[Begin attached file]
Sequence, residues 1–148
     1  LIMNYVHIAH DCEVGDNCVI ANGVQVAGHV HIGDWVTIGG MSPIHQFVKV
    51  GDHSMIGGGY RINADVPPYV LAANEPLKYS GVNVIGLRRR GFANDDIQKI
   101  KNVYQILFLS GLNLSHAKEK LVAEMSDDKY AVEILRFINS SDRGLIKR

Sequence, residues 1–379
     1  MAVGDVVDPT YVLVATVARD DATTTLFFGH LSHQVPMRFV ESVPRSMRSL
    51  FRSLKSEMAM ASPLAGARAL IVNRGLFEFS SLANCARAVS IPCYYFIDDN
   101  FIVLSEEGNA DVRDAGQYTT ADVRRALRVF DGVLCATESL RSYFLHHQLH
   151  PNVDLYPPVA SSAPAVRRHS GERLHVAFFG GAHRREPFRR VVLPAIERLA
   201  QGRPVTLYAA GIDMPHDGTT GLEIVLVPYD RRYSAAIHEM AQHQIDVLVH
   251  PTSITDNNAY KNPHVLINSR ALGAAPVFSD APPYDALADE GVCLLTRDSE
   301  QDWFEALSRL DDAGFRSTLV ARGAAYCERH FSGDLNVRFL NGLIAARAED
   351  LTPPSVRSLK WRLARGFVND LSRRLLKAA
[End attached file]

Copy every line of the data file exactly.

Sequence, residues 1–148
     1  LIMNYVHIAH DCEVGDNCVI ANGVQVAGHV HIGDWVTIGG MSPIHQFVKV
    51  GDHSMIGGGY RINADVPPYV LAANEPLKYS GVNVIGLRRR GFANDDIQKI
   101  KNVYQILFLS GLNLSHAKEK LVAEMSDDKY AVEILRFINS SDRGLIKR

Sequence, residues 1–379
     1  MAVGDVVDPT YVLVATVARD DATTTLFFGH LSHQVPMRFV ESVPRSMRSL
    51  FRSLKSEMAM ASPLAGARAL IVNRGLFEFS SLANCARAVS IPCYYFIDDN
   101  FIVLSEEGNA DVRDAGQYTT ADVRRALRVF DGVLCATESL RSYFLHHQLH
   151  PNVDLYPPVA SSAPAVRRHS GERLHVAFFG GAHRREPFRR VVLPAIERLA
   201  QGRPVTLYAA GIDMPHDGTT GLEIVLVPYD RRYSAAIHEM AQHQIDVLVH
   251  PTSITDNNAY KNPHVLINSR ALGAAPVFSD APPYDALADE GVCLLTRDSE
   301  QDWFEALSRL DDAGFRSTLV ARGAAYCERH FSGDLNVRFL NGLIAARAED
   351  LTPPSVRSLK WRLARGFVND LSRRLLKAA